Team Development
You can’t expect to version your business without preparing your team for the transition. The people in your organization are the real power behind your services and products, so this is not a step to underestimate. The bigger your changes are, the more time and resources you’ll need for this.

We spent the year leading up to our pivot expanding our skills in facilitation, design thinking, and experience design. Some of these skills were already in our toolkit, but we wanted deeper mastery and outside perspective from experts in our field. We hired an expert in facilitation training first. We took online classes and held reading discussions. During our Winter 2016 Factory Week we brought in outside Design Thinking trainers for brand and customer experience sessions. While many of our steps were difficult or time consuming, professional development was by far the biggest investment we made for our transition. Aside from the many hours we invested of our own time, we spent about $50,000 on training for a team of 15.

This area was particularly difficult for another reason – we discovered our new chosen work wasn’t aligned with the career paths of every teammate. We had to make some changes to our team to be staffed correctly for 3.0. Never an easy step. This took time, and many conversations, until we had the right people on the bus.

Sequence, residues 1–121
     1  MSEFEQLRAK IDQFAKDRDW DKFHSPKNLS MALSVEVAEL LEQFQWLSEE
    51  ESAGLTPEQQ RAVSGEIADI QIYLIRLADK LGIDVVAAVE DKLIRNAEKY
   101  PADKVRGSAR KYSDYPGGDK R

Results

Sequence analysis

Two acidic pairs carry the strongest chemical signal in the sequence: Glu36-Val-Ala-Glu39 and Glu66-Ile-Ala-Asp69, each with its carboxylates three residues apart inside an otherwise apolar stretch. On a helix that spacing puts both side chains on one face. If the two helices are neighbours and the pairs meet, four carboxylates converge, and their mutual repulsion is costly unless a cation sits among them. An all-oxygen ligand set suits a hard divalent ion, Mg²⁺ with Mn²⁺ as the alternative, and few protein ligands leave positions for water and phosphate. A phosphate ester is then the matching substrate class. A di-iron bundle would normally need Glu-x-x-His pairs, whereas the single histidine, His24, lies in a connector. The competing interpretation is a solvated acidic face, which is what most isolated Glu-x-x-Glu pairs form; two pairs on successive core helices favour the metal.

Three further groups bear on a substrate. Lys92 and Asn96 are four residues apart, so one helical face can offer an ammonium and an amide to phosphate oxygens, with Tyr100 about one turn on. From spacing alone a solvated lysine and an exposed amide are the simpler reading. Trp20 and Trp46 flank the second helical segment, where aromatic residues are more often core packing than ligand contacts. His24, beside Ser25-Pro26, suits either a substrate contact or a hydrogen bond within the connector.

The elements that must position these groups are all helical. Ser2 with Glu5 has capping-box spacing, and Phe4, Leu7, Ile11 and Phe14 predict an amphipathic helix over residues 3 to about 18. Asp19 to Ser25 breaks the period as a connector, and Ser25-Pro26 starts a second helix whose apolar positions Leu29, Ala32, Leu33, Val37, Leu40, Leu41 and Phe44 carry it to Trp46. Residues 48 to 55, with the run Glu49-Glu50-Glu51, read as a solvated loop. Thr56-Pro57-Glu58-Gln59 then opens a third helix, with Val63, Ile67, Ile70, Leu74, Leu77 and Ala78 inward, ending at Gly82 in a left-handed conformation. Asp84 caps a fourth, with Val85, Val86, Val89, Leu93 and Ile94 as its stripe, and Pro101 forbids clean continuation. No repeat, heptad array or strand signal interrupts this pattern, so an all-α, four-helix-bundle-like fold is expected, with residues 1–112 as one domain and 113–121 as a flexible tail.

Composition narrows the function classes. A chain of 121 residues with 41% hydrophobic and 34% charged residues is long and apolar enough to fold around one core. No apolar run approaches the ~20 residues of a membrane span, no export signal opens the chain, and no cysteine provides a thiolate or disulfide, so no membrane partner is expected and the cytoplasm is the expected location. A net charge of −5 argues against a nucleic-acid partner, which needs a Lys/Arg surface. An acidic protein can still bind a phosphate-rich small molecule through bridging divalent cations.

Product/Service Design
Whether you’re a service or product company, a nonprofit or a business, versioning requires taking a step back and examining all of your offerings. Start by mapping out what your products or services are now, then look at where they need to go. An exercise we facilitate with clients is “Invented/Default Future” which explores what an offering might look like in the future with and without changes.

In our case, some of our services, like branding, just needed a tweak, some needed to be sunset and others needed to be re-designed or built from scratch. We did research, talked with clients, talked with mentors and peers, did countless hours of whiteboarding and collaborating exercises. While we transitioned from 2.0 to 3.0 we began to recognize value in the way we were working and turned that into a workshop which we now offer to clients and the public.

Client/Customer Conversations
This is one of the hardest parts – sharing that you can no longer support an activity that doesn’t align with your new direction. But it’s critical to let go of old things to make space for the new.

We met with our clients to talk about the coming changes, and determine together if we were the right fit for them moving forward. For those still looking for tactical marketing help, we made referrals to a new agency if we aren’t the right partner going forward. We made sure the transition was a smooth one even if it meant doing “2.0” work for a little longer than we had expected.

Making the leap…

By the end of 2016 we will have completed the launch of 3.0. It was often messy and very hard, but we are making it happen and we are confident it sets us up for a long stretch of growth.

If your company feels stuck, maybe it’s time to version. Don’t panic. Just take it one step at a time. Even if you make mistakes, you’ll likely be better than those who choose to ignore the warning signs.